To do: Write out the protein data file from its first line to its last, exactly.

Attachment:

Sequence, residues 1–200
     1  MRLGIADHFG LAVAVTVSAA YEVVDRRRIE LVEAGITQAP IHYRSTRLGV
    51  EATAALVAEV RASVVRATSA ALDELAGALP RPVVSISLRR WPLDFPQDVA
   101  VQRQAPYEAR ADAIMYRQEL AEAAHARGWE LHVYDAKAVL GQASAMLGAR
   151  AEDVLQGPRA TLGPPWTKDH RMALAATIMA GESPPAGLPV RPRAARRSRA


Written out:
Sequence, residues 1–200
     1  MRLGIADHFG LAVAVTVSAA YEVVDRRRIE LVEAGITQAP IHYRSTRLGV
    51  EATAALVAEV RASVVRATSA ALDELAGALP RPVVSISLRR WPLDFPQDVA
   101  VQRQAPYEAR ADAIMYRQEL AEAAHARGWE LHVYDAKAVL GQASAMLGAR
   151  AEDVLQGPRA TLGPPWTKDH RMALAATIMA GESPPAGLPV RPRAARRSRA